The most mysterious and indeed mythical ship in the U.S. Navy never sailed and was never completed, commissioned, or crewed. Her history is fraught with controversy, misunderstanding, and misperceptions. Yet, for all this, the aircraft carrier United States (CVA-58) is an important inflection point in the Navy’s history.
The controversy surrounding her cancellation just five days after her keel had been laid can best be understood by separating fact from fiction. The popular or prevalent understanding is that the United States was a big-deck carrier in the vein of the present-day Nimitz and Gerald R. Ford classes, as well as of the predecessor Forrestal, Kitty Hawk, John F. Kennedy, and Enterprise classes. But that is not fact.
The United States was to be built with the primary purpose of carrying and supporting nuclear-attack bombers. Her notional air-wing complement would consist solely of 18 very heavy bombers and 80 escort fighters. Other aircraft carriers would provide her defensive air cover.
In late April 1945, the Navy seriously began to contemplate the successor class to the 58,600-ton Midway large aircraft carriers (CVBs) constructed at the end of the war. That summer, the Bureau of Ships (BuShips) began considering designs in the range of 35,000 to 50,000 tons.
The proposed C-1 study was for a ship of 39,600 tons—larger than the Essex class, but smaller than the Midways. The Bureau of Aeronautics (BuAer), however, pushed for larger bombers that carried loads of 8,000 to 12,000 pounds—to include 4,000-pound “blockbuster” bombs and coincidentally nuclear weapons—and carriers to support them. It developed studies based on proposed turboprop-driven bombers of three classes, the largest of which—type C at 100,000 pounds—required a new class of carrier.
The service proposed the rapid development of the type B bombers (45,000 pounds), which could be operated with some restrictions from the Midways. The type B became the AJ-1 Savage. In January 1946, Vice Admiral Marc Mitscher pressed Chief of Naval Operations (CNO) Fleet Admiral Chester Nimitz to develop a new carrier and the large aircraft. Mitscher’s wartime experience off the coast of the Philippines had impressed on him the need for longer-range aircraft (thus larger and heavier) and the larger ships from which to operate them. Further, he believed in flush-deck—no superstructure island—carriers that would allow the operation of even larger aircraft.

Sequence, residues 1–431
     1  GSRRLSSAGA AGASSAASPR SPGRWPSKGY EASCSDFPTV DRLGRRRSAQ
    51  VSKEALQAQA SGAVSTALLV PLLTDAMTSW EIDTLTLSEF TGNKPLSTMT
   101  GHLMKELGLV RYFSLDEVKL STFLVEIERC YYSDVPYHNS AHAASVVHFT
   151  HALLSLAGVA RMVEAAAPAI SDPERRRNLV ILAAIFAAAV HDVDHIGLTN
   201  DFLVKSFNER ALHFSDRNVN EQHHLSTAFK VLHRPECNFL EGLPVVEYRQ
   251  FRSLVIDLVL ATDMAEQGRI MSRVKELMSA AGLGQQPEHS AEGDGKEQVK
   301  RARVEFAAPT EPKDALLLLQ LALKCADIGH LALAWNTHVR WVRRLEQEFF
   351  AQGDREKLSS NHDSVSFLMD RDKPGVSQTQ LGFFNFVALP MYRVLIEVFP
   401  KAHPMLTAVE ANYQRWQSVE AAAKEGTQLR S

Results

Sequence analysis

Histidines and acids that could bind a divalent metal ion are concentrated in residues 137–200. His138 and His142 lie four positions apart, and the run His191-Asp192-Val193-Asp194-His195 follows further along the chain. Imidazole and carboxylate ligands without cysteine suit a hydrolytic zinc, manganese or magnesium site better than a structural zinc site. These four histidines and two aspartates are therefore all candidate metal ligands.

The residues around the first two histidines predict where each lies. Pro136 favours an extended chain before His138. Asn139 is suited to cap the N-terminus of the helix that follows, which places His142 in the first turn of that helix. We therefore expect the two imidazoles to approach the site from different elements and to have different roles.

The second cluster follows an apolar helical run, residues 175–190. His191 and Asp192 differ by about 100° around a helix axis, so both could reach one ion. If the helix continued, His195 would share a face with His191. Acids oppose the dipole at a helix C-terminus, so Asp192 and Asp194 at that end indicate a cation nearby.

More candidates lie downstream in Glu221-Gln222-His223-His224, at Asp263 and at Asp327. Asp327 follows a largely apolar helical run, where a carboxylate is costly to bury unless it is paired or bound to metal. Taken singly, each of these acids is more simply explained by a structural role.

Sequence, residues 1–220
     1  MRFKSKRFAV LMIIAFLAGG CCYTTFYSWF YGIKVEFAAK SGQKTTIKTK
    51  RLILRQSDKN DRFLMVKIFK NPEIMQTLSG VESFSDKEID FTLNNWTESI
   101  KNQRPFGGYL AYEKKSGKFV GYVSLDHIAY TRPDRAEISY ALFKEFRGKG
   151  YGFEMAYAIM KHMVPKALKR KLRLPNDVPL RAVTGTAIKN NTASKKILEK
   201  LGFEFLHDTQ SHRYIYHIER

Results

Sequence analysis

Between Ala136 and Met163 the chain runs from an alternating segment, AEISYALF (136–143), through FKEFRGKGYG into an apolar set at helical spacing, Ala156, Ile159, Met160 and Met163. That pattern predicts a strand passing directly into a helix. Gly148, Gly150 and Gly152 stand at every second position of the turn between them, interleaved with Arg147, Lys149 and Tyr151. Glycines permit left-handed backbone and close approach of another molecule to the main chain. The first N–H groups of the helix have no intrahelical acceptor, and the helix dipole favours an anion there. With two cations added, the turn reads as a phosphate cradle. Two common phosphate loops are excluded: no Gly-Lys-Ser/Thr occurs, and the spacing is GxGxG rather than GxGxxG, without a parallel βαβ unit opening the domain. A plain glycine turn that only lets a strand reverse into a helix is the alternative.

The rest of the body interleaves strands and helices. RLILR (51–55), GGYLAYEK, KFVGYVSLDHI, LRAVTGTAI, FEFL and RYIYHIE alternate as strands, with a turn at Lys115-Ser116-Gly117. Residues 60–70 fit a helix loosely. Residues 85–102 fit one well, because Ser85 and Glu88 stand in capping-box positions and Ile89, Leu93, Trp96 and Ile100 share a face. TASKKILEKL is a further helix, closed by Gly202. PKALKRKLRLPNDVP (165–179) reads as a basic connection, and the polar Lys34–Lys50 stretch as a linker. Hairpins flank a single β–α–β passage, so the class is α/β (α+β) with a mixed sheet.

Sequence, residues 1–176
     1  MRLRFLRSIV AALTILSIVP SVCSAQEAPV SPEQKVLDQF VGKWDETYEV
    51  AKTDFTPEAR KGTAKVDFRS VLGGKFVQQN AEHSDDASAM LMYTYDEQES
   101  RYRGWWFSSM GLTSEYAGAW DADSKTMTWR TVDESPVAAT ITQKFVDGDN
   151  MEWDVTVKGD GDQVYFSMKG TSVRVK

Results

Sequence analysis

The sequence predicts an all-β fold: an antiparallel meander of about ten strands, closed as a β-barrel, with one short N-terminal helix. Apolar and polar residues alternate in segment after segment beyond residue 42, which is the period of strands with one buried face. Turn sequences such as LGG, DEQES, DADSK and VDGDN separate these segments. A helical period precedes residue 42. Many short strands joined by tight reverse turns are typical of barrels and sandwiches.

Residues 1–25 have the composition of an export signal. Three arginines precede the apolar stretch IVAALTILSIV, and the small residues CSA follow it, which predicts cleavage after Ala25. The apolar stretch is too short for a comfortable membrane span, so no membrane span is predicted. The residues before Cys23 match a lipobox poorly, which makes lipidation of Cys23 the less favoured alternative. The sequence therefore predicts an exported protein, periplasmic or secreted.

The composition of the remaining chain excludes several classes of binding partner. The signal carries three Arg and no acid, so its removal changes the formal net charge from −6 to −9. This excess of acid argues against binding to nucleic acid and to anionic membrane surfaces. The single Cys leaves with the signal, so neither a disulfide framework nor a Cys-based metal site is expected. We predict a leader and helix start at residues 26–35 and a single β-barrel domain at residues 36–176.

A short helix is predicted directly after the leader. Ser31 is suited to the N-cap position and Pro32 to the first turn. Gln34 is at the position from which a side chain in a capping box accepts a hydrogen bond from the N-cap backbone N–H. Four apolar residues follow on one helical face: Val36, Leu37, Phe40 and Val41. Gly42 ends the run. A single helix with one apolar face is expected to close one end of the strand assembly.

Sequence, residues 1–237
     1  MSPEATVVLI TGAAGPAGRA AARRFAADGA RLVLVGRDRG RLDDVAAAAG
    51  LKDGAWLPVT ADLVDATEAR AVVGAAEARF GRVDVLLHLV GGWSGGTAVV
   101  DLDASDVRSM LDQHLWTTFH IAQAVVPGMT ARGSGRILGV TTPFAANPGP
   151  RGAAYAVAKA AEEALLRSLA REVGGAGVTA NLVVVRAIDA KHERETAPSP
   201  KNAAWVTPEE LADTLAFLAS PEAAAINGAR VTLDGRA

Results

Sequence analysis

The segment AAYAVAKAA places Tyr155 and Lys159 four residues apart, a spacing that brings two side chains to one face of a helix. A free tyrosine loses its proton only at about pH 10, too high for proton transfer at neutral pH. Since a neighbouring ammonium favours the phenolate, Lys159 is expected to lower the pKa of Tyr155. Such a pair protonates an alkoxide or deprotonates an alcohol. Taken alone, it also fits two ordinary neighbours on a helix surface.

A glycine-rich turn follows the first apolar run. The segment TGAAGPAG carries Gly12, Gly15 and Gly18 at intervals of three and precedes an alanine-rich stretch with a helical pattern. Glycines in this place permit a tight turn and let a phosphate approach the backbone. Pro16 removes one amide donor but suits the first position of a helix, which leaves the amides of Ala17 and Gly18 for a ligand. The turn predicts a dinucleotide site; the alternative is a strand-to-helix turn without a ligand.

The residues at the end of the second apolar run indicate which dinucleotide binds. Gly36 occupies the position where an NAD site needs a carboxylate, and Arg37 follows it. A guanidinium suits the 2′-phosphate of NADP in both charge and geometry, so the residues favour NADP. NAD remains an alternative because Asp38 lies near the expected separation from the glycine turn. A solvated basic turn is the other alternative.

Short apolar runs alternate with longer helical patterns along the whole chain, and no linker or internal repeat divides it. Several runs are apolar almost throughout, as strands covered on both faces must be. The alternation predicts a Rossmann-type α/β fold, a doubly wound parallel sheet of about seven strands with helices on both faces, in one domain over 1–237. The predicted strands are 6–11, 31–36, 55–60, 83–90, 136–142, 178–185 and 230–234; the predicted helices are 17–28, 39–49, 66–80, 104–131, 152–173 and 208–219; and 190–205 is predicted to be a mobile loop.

The Ship Characteristics Board (SCB) began studies using a BuAer design study aircraft of 100,000 pounds designated ADR-42. For real-world figures, the SCB used the Lockheed P2V Neptune, the Navy’s largest land-based bomber. What resulted were sketch designs for CVB-X, a single-purpose ship designed solely for atomic strikes by 100,000-pound bombers. It was a 1,190-foot carrier with a 130-foot beam displacing 69,200 tons standard and 82,000 tons trial. With a small island and uptakes, it was not a true flush-deck carrier. Because it would not have a hangar deck, the ship’s 24 ADR-42 aircraft would be stored and maintained on the flight deck. No other aircraft were to be carried; fighter protection would be provided by “at least two” accompanying carriers.
Because aviators still had questions about the limitations posed by the island and uptakes and the ADR-42 data on which to base the ship’s final design was incomplete, it was recommended that the design, now designated 6A, not be included in the 1948 shipbuilding program but remain funded as a design study.
In February 1947, the SCB produced proposed characteristics for the 6A. It would have a hangar deck that could accommodate its 12 to 18 ADR-45A attack aircraft and 54 XF2D-1 (later F2H Banshee) fighters, or 12 ADR-42s with an equal number of the same fighters. The ADR-45A was a smaller, 57,000-pound aircraft.
On 22 August, the SCB recommended that the CNO approve the proposal for BuShips to prepare preliminary plans. The carrier was estimated to have a waterline length of 1,000 feet, beam of 125 feet, and displacement of 60,000 tons standard. The air group was increased to 18 ADR-42s or 27 ADR-45As and 80 fighters.
CNO Nimitz approved the proposal on 2 September, and the same day it was submitted to the Secretary of the Navy in the Fiscal Year 1949 Shipbuilding and Conversion Program. The acting Secretary approved it the next day. But the Bureau of Budget did not approve the request because of ongoing construction costs from the 1946 budget. The Navy agreed to forgo some construction—including completion of the battleship Kentucky (BB-66) and large cruiser Hawaii (CB-3)—in exchange for approval of the carrier. This was agreed.
In May 1948, when the Navy testified before Congress in support of the 1949 budget, Secretary of the Navy John L. Sullivan and CNO Admiral Louis Denfeld stated that the Joint Chiefs of Staff (JCS) had approved the appropriation. The Air Force objected, and Secretary of Defense James Forrestal referred the matter back to the JCS. Three of its four members approved the carrier; the Air Force Chief of Staff did not. Nevertheless, the ship went forward.